It's harder than you think. Those older systems sucked, and couldn't handle natural language queries. The issue is not processing power, it's having a large enough volume of training material and mimicking how the brain fills in gaps.
Training material isn't just a case of gathering samples. When the machine makes a mistake, it needs to understand why. The collection needs careful curation and sorting to be useful. Such databases are extremely valuable, and historically with OS projects they often started with a donation from a commercial body rather than from scratch.
Mimicking the brain is also extremely hard. Often people don't hear things very clearly or in full, due to environmental noise, poor pronunciation and the like. To compensate the brain fills in the gaps or makes assumptions. People have been trying to program those assumptions into computers since the 1980s. Again, a database of that knowledge will be vast and valuable. Either you throw massive human resources at building it, or you crawl the web and look at trillions of search queries like Google does.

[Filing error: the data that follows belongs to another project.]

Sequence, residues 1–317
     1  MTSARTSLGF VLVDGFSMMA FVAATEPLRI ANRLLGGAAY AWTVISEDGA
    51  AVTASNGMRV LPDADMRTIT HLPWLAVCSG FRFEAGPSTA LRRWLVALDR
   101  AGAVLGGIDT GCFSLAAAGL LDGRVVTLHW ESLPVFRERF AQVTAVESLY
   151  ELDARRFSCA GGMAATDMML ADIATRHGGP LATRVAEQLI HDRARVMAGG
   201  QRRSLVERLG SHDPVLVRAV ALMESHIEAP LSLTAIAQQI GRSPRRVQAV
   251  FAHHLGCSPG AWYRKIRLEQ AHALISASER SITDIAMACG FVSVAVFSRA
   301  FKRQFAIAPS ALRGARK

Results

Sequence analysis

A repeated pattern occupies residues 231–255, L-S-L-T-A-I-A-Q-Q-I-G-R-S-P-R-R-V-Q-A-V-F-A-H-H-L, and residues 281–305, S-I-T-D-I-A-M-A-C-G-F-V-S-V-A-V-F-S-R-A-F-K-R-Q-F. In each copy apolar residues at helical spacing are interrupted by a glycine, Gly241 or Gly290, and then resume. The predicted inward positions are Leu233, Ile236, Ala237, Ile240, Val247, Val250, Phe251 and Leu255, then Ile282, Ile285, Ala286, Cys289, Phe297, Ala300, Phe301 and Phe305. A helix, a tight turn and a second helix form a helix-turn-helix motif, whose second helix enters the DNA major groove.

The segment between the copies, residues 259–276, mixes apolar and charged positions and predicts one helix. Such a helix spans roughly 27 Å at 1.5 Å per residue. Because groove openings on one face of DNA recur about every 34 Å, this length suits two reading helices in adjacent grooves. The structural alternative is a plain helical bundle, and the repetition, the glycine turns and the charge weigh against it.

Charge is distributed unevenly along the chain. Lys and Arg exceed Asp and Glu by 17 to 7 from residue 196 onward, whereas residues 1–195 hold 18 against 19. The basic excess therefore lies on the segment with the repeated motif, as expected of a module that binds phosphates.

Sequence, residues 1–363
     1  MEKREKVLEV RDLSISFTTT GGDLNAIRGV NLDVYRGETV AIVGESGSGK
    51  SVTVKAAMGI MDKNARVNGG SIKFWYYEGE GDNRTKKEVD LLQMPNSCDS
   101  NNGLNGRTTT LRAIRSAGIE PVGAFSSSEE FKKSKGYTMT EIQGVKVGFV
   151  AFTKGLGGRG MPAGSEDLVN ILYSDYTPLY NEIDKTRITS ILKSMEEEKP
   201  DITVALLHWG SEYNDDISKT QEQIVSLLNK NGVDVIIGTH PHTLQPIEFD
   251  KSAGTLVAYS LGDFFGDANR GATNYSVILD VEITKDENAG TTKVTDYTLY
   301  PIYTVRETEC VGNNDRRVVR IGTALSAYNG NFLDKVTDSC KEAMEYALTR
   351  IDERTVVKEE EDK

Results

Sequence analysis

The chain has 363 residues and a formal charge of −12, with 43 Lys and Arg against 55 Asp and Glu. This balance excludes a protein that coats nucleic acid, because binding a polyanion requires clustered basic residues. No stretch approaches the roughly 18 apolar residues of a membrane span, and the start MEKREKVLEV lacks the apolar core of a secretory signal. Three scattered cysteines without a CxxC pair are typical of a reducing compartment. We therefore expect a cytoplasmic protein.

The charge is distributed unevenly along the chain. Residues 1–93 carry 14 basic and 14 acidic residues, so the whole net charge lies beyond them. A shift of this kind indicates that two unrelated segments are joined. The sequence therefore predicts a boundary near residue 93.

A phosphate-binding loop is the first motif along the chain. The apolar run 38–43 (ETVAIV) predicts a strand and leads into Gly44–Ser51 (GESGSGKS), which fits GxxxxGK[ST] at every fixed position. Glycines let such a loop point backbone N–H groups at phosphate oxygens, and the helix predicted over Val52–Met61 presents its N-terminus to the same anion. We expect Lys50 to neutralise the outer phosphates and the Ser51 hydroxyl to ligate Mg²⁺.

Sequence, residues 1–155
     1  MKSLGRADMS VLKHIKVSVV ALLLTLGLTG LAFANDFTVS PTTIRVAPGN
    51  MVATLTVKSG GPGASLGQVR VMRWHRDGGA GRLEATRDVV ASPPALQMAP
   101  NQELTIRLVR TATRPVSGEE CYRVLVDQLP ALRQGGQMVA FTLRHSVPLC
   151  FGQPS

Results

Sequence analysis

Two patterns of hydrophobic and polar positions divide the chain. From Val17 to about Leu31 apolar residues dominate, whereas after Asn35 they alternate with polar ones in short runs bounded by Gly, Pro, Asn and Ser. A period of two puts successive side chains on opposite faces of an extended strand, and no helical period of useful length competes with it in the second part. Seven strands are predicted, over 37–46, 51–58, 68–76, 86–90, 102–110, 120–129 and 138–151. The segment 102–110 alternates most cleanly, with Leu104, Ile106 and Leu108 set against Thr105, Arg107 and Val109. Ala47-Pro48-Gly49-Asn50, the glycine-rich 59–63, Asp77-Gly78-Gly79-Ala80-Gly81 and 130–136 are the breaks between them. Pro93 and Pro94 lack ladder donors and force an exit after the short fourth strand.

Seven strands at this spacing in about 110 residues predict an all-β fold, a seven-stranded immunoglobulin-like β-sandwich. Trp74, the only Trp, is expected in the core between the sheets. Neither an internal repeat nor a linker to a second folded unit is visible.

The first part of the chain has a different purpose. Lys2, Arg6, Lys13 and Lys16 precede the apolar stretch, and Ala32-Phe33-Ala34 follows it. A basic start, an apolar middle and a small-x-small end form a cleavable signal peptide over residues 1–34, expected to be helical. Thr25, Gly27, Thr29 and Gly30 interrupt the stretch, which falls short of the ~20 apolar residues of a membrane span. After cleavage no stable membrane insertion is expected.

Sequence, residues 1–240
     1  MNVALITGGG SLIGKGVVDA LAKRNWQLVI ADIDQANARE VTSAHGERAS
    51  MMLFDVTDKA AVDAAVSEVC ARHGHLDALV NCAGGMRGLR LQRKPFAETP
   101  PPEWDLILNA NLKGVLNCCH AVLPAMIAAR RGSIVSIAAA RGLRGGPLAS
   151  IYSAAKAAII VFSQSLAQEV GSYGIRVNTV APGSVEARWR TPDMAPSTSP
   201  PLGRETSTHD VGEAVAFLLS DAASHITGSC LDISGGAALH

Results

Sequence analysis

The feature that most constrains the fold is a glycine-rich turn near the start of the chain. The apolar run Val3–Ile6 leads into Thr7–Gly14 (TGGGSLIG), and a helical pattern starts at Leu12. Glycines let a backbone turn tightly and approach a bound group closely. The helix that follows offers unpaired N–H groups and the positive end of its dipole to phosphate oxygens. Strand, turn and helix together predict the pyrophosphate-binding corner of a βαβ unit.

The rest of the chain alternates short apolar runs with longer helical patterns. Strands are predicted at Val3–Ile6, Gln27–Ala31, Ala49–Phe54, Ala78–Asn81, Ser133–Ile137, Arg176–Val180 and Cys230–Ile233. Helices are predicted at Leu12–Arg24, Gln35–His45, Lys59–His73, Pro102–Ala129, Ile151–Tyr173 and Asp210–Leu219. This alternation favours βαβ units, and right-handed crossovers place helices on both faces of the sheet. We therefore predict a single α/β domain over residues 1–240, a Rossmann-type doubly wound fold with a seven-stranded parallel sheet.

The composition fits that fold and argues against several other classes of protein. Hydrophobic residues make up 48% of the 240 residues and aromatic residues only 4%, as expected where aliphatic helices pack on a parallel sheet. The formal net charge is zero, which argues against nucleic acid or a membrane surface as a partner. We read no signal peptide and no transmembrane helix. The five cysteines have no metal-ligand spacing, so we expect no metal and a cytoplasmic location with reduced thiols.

That's also why they need a cloud service to do this. The database is vast and proprietary, and querying it far from a trivial SQL command.
It's not just a programming or AI training problem, which is why no-one is doing it. The closest thing the OS world has is probably Open Street Map, but creating that data set was far less laborious and uninteresting than training a computer to have some common sense will be.